Grog – This most traditional of all rum drinks is a rich part of the early history of Pusser’s Rum. There was an Admiral by the name of Vernon who was the hero of the Battle of Porto Bello and the Commander-in-Chief, West Indies Station, the prime area for Spanish trade in the Caribbean. He had selected Porto Bello for attack because he learned that a large assignment of gold and silver had been sent there from Panama. The remarkable sequel, which followed the town’s capture, was Vernon’s decision that all public money found was to be divided fairly as prize money among those British crews which took part in the engagement. This was a brave step, in defiance of the regulations, but general delight at home in England over the victory caused it to be overlooked. No act could have done more to win the sailors’ hearts that on most occasions received nothing. The men had affectionately nicknamed Vernon Old Grog on account of the old grogram cloak (a rough hewn fabric of mohair and silk) that he often wore when the weather was bad.
In Vernon’s time, the men received one-half pint of rum a day which they drank neat, that is without water. Thus there was a lot of drunkenness and disobedience on board for which many of the men were brutally disciplined. He was much concerned with what he called, “the swinish vice of drunkenness”. He believed that if the rum was diluted with water that its effects on the senses would be reduced – even though the men were to receive the same amount of rum. Thus Admiral Vernon issued his infamous Order to Captains No. 349 on August 21, 1740. (Pictured at right) His order refers to the “unanimous opinion of both Captains and Surgeons that the pernicious custom of the seaman drinking their allowance of rum in drams, and often at once, is attended with many fatal effects to their morals as well as their health … besides the ill consequences of stupifying [sic] their rational qualities … You are hereby required and directed … that the respective daily allowance … be every day mixed with the proportion of a quart of water to a half pint of rum, to be mixed in a scuttled butt kept for that purpose, and to be done upon the deck, and in the presence of the Lieutenant of the Watch who is to take particular care to see that the men are not defrauded in having their full allowance of rum… and let those that are good husbanders receive extra lime juice and sugar that it be made more palatable to them.”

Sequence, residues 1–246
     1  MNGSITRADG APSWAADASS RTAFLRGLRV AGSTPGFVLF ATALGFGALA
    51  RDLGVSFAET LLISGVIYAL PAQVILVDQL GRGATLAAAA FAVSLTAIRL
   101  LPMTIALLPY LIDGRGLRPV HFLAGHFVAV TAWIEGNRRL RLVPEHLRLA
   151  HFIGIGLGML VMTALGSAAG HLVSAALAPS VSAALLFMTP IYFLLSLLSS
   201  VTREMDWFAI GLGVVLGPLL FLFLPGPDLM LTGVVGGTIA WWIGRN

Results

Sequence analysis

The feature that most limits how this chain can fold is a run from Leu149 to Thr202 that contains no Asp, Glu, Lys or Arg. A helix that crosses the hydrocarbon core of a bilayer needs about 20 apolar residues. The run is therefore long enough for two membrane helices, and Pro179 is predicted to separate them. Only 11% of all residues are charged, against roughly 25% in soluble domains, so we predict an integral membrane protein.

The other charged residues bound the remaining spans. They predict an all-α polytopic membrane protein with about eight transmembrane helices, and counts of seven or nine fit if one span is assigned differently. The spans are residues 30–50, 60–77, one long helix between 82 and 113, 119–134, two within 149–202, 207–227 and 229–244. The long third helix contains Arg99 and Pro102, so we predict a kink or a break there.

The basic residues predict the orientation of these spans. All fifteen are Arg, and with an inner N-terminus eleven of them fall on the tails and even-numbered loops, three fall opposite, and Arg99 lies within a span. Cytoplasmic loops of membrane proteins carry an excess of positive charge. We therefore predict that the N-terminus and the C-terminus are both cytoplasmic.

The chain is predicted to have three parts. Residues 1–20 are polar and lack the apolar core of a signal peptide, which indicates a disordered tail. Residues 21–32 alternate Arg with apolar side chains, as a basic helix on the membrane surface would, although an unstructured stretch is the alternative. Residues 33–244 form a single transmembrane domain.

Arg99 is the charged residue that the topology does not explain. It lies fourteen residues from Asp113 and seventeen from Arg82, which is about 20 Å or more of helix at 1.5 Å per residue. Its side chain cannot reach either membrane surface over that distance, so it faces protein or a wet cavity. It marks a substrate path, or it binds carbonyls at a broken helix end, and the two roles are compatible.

The men were incensed that he should have ordered that their rum be diluted, and named it contemptuously grog from the name they had given him. Thus real grog is Pusser’s Rum with water, limejuice and brown cane sugar. Unwittingly, Vernon had created the world’s first cocktail – grog!
The Grog Tub – Sailors had a way of embellishing their surroundings during their long stints at sea. The scuttled butt in Vernon’s orders was a simple cask with a lid. Soon after he issued his orders, the entire British Fleet adopted his procedures for watering the rum. Eventually, the scuttled butt gave way to the Grog Tub, an oak cask banded with polished brass or copper hoops and covered with a fancy lid. On the side of the cask were the brass letters THE KING GOD BLESS HIM, the daily toast at noon when the rum or grog were issued. The grog tub was naturally the daily gathering place. While the men stood in line for their grog, rumors were exchanged so that in time the word scuttlebutt became synonymous with the word gossip.